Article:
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Cloned Number Plates

Become a victim of car cloning and you might be in trouble with the police before the crooks!

Vehicle identity theft accelerating and causing innocent motorists big problems

Cloned number plates and number plate theft have become such a serious problem that a leading supplier of cherished plates is providing free anti-theft plate fasteners and initiating a fast response online and telephone service to help victims.
Identity theft is now growing for vehicles as well as people , so motorists, the motor trade, and the police and other authorities, need to take urgent action, says Des Elton, founder and CEO of, the UK's leading dealers in dateless personalised vehicle registrations. 
Our alarm bells started ringing when one of our fleet of over 6,000 mopeds was summoned for speeding along the M1, and another was alleged to be parking on a yellow line in central London.
Neither had left our secure warehouses in Northern Ireland! 

Distressing experience for innocent motorists

Fortunately, we are geared as a business to deal with vehicle identity theft and so could prove quickly that the police were using out-of-date vehicle registration databases or the numbers had been cloned or stolen. But individual motorists may become very distressed and subject to time, expense and endless hassles when charged with a crime related to a vehicle bearing a number apparently registered to them.
Some estimates of vehicle identity thefts exceed 10,000 annually in the UK, but nobody really knows because the legitimate owner of a registration may not be aware of becoming a victim. We are only seeing the tip of the iceberg, but there is obviously an increase in these problems because of the summonses that we get for the Speedyreg fleet of motorcycles,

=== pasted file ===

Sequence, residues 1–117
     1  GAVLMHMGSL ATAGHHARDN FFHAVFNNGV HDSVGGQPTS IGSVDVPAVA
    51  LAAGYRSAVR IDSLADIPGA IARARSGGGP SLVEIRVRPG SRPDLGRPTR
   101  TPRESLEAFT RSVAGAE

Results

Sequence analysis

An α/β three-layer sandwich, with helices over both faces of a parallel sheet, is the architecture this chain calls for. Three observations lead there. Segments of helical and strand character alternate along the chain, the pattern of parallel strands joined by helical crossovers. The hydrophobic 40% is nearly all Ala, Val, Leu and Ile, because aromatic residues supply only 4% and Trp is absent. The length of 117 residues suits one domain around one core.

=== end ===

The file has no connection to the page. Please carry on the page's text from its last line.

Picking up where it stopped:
The tyres on our thousands of bikes hardly ever touch a public road. We use the bikes to store personalised and collectible registration numbers for fast transfers to our clients, so they only leave secure storage to get to and from their MoT tests, and then they travel in closed vans. 

Economic recession aggrevates problems

I fear the cloning and plate theft problems will only get worse because of the economic recession, with the authorities not updating their registration number databases regularly, and the increased use of plate recognition cameras, which, even if they make comparatively few mistakes, still wrongly identify thousands of vehicles.
The incentives for crooks to clone vehicles is increasing as fuel prices rise. Some areas of the UK have already seen a significant increase in motorists stealing plates, attaching them temporarily over the top of their own plates, filling up with fuel and then driving away without paying. They dump the stolen plate as soon as possible, and then steal another when they start running low on fuel.
The only clues that the police have to follow up is the filling station's security camera shot of the vehicle with the stolen or false plate, or perhaps the abandoned plates themselves.

Personalised plates not popular with crooks

Plate stealing is also a routine action by crooks before using a vehicle to commit a crime. They target a similar make, colour and model to lay a false trail. The crooks tend to steer clear of personalised distinctive numbers - they want a registration plate that is as unremarkable as possible.
Vehicle cloning and plate stealing result in many innocent motorists now facing accusations of being involved in a whole range of crimes, some serious offences in which the vehicle is incidental but provides the most obvious clues for investigators.
Aggravating things further is the difficulty at present staffing levels for police and traffic wardens to check for false plates, which have become far too easy to buy online. In theory, the British Standard for plates and new requirements about how they are issued should be reducing the numbers of fakes, but I fear this is not the case. 

Database maintenance essential

Also, the databases of registrations used by investigators following up registrations of vehicles suspected of being involved in crimes may be out of date and poorly maintained because of shortages of trained staff updates its database of nearly 35 million UK registration numbers every 24 hours primarily to give a fast sales and valuation service to clients buying or selling cherished numbers.
Now, as Speedyreg's contribution towards dealing with vehicle identity theft, Mr. Elton says all clients automatically receive anti-theft plate fasteners without charge. In addition, Speedyreg has allocated expert staff to help any clients who become victims to get copies of database extracts and the company's paper records to establish their innocence.
"It's not difficult to prove that a moped that cannot top 40 mph was unable to break the speed limit doing over 80mph on a motorway," says Mr. Elton. "But other vehicle identity theft cases can be very complex to resolve".